Pen and sword
I'd like to thank Matt Stickland for writing on Omar Khadr in The Coast ("If Omar Khadr is a terrorist, then so am I," Cover story, February 6, 2020). It takes a lot of thought and courage to do so. I had hoped to hear him draw more parallels, especially exploring the grey area between use of force in a military and Omar Khadr's experiences. But I'm really glad he wrote his story. We need more folks willing to explore honesty and difficult decisions, in the court of law and public opinion, to combat the hatred, loss and trauma that Khadr and others have experienced. —A currently serving naval officer with 10 years of experience, via email
The Trans Mountain pipeline expansion, despite recent legal approval, will never be built.
On February 4, the Federal Court of Appeal upheld Trudeau's approval of the TMX pipeline, dismissing a challenge brought by Indigenous communities who argued they were not meaningfully consulted. This was a disappointing result for Indigenous communities and environmental folks who hope to quash the project—but far from the end of their fight.
Since construction started, opposition has shot up, especially in Ontario, Quebec and BC, where the Liberals hold dozens of ridings by the skin of their teeth. As costs to taxpayers increase, and resistance on the ground heats up, opposition could increase even further.
The Indigenous-led movement opposing Trans Mountain isn't going anywhere, and if Trudeau tries to ram the pipeline through, he'll lose any hope of campaigning on climate or reconciliation in the next election.
This project continues to be an economic, ecological and moral abomination, and it should be dropped by our Liberal government before it costs Canada more money and international credibility than we've already lost. —Andrew Glencross, Halifax
We came by, Andy Fillmore, and you weren't in your office. Over 20 disappointed grandmothers, mothers and a grandfathers dropped by to ask a simple question: Where do you stand on the Teck Resources Frontier oil sands?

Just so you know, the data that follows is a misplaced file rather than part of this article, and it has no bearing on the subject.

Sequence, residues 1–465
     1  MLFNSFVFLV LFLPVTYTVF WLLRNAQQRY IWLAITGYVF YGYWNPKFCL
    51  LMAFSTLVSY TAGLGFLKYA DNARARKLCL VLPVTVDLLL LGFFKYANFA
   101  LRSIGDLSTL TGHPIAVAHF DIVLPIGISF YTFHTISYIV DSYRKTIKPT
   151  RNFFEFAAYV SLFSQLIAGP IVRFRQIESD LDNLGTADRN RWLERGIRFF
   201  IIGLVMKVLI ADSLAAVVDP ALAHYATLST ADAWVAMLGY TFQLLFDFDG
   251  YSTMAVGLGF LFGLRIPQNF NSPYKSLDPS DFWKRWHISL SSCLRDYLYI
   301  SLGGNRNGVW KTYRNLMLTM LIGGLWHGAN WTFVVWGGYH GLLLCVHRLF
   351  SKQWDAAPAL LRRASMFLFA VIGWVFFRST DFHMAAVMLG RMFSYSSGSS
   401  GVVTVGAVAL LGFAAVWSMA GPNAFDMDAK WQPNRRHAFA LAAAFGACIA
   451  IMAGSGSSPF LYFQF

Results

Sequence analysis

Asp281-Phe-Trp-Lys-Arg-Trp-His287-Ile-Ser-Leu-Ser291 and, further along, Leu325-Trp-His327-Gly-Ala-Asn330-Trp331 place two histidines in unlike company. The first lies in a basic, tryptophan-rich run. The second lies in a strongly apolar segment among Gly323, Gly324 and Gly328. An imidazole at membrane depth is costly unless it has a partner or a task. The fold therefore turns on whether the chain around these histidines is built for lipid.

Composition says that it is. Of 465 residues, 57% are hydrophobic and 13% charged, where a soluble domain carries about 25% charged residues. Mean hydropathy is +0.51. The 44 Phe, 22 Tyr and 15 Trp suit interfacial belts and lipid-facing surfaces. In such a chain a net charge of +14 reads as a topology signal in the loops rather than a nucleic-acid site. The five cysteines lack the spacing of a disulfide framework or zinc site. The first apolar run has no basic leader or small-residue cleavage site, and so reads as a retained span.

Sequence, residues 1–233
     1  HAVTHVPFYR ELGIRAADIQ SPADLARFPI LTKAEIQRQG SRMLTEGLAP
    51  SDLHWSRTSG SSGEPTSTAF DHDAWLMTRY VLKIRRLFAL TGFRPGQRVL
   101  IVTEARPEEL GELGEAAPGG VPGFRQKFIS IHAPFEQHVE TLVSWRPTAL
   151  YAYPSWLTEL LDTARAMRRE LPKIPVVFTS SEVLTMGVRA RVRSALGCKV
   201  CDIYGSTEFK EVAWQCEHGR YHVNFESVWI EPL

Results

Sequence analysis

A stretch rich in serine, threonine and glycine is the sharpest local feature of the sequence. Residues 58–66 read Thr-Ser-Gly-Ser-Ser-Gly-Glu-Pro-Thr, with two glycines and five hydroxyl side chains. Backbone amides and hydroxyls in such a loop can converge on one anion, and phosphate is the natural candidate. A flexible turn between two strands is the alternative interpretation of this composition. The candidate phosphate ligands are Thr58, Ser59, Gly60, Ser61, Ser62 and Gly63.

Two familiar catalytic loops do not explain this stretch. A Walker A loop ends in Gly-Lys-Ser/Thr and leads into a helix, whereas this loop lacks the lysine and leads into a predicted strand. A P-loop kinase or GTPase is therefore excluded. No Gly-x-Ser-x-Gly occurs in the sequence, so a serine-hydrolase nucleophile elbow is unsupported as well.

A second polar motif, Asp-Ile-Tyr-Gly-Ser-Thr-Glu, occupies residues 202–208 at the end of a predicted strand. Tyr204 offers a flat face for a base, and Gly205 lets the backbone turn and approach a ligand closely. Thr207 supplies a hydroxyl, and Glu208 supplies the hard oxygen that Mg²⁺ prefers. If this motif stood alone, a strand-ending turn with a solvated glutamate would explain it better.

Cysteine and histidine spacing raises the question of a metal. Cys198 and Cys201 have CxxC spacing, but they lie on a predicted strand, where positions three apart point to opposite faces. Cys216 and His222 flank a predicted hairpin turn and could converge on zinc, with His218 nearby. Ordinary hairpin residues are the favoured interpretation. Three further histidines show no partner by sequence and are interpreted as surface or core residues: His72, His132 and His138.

So sorry we missed that cup of tea. Hopefully your kind staff will give you the card we left, but, hang on, let me just put down my knitting, so I can at least share our cookie recipe: Total Extinction C(K)ookies.
One cup of 260,000 barrels of oil a day, one cup of six million tonnes of CO2 into the atmosphere each year, one cup of 29,000 hectares of pristine boreal forest, one teaspoon of locked-in carbon pollution until 2067, one teaspoon of six million tonnes of CO2 equivalent each year and finally one pinch of increased carbon.
You won't have to preheat the oven, because we can't reach Canada's commitment under the Paris Agreement to reduce greenhouse gas emissions (GHGs) by 30 percent by 2030. Grease enough cookie sheets to feed all the unemployed Alberta workers when the rest of the world thrives on renewable energy and all, the Western money has gone into investors pockets. Add all ingredients onto the scorched land. Mix it. Wear blinders and ear plugs so as not to be disturbed by the protests by Indigenous peoples, water protectors, land protectors and fire fighters that join in massive climate strikes.
Pull those cookies out of the oven, sprinkle with patriarchal privilege, political blackmail and enjoy. —Granny Kathrin Winkler via email
There are a few things to clear up from last week's issue. In one of the stories in the Sex + Dating guide, "A hot 'do helps Haligonians feel their most attractive" by Isabel Buckmaster, we misspelled the name of Maneland Non-Binary Beauty. Also in Sex + Dating, the article about Harper McCormack—"Halifax vlogger Harper McCormack is kinkier than thou," by Sara Connors—featured misspellings of McCormack's name and @HarperMcCormack Youtube channel. Elsewhere in the issue, the notion that the Killiam Library is sinking every year because of the weight of its books is hearsay, and unverified ("Halifax's old memorial library gets heritage status from regional council," by Caora McKenna). The Coast regrets and apologizes for these errors.